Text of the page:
Isabel has strong views about the monarchy and how it works; she does not like it when protocol is intruded upon, or anyone deviates from the “proper” way of doing things (that Edward marries a commoner instead of a princess; that Elizabeth is affectionate to him in public, etc). She is very fond of the family mythologies and enjoys repeating them to her sister (telling their history and embellishing the wild stories of the Mad Queen). Isabel frequently references her own experiences and the past when interacting with others. She is emotionally reactive and quick to share her feelings whenever things happen, confessing to her sister her disappointment to discover her marriage was not all about her, but about her father and his ambitions. When Anne asks her if George “hurt her” on her wedding night, she says, “Well, yes,” but then hastens to talk about what else is on her mind. She wants to serve her father and earn his love, she tries to find ways to placate and please her husband, hopeful for his warm affections. She easily cries and becomes hysterical whenever she is afraid, but others are somewhat capable of calming and reassuring her. Isabel’s greatest wish is to be a ‘stoic queen, like ice.’ She considers her sister ‘rude’ and unmanageable during her time spent in their rooms at court, and only allows her to join them once she behaves herself. Isabel sometimes convinces herself, without evidence, of certain bad things—based on past precedent and superstition, she accuses the queen of killing her baby with the storm (she’s right), of cursing their unborn children (not right), and of being a diabolical witch. No amount of convincing can change her mind. Once married to George, Isabel becomes terrified about the future and the unknown consequences of her father’s decisions – she is afraid of becoming queen, afraid of the uncertain outcome of the war, worried about the future for her children, etc. Once her life is out of control and the outcome is uncertain, she starts panicking. She is only happy when she feels safe.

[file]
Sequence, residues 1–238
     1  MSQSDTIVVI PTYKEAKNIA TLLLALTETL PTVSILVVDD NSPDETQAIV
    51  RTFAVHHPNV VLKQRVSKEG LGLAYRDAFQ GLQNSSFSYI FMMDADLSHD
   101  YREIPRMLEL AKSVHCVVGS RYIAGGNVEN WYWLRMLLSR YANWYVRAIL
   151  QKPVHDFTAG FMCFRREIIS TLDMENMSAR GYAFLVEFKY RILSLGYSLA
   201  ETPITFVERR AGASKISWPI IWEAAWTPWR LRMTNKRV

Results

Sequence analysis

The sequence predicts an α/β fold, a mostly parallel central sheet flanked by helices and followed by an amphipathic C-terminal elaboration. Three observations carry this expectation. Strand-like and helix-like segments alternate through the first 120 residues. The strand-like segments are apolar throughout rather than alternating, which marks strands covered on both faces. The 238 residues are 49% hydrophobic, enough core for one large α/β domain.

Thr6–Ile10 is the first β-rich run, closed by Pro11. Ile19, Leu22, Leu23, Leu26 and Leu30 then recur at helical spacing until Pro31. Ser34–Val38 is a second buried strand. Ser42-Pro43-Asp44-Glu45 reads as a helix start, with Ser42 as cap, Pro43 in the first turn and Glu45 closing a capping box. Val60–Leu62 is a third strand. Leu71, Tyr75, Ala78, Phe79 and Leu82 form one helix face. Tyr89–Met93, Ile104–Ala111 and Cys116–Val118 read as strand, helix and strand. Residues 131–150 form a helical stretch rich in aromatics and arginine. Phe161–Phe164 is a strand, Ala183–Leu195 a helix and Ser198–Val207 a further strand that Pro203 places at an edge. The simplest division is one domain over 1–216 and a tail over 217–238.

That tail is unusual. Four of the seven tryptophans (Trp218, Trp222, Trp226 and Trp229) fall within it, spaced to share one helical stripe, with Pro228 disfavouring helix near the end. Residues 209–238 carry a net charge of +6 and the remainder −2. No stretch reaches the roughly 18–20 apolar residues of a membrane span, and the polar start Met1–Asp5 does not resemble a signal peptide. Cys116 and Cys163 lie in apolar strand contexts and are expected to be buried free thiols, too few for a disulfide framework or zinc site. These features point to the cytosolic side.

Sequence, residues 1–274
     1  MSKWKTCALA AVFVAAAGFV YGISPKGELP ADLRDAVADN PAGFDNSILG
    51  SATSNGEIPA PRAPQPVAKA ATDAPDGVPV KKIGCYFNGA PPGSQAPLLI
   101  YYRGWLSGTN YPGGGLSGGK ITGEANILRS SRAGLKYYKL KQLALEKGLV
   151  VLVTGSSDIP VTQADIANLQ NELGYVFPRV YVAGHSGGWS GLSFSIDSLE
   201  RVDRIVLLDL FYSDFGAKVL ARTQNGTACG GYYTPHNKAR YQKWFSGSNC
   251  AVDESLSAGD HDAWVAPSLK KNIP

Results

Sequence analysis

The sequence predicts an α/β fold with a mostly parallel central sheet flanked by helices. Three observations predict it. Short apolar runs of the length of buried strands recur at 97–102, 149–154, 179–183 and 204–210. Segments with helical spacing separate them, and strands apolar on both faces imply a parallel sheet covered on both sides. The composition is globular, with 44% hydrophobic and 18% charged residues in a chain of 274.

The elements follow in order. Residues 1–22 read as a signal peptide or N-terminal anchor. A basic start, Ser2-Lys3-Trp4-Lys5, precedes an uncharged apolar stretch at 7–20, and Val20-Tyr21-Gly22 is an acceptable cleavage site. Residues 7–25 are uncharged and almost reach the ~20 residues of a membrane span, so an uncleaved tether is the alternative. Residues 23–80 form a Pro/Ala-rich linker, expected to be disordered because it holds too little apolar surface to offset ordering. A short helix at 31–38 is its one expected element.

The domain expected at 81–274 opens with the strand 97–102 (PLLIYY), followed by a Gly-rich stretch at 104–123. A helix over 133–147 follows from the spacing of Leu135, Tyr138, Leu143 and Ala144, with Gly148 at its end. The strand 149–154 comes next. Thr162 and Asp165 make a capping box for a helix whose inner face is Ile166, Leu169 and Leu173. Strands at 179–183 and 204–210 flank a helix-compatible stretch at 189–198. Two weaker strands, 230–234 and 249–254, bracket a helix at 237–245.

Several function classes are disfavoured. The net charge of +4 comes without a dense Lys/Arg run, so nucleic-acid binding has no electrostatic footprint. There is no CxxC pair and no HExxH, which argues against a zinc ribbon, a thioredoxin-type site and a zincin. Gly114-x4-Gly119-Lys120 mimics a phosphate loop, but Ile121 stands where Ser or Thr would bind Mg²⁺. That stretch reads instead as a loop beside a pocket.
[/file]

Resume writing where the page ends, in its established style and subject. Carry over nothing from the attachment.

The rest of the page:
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Isabel is motivated through her fear and apprehension; it is almost a constant threatening presence in her life. Unlike her sister Anne, she does not even want to try on the queen’s robes her father sends her, out of apprehension of what this might mean, or how it could backfire and hurt her in the long term. She wishes her father not so reckless and ambitious; she doesn’t want George to make power grabs. Isabel uses sweetness to attempt to appeal to others and make herself seem innocent, but also comes across as nervous and even, at times, plain hysterical. She can be paranoid, accusing others of witchcraft or evil intentions, but totally surrenders to the authority of her husband and her father. Without them, she feels without guidance.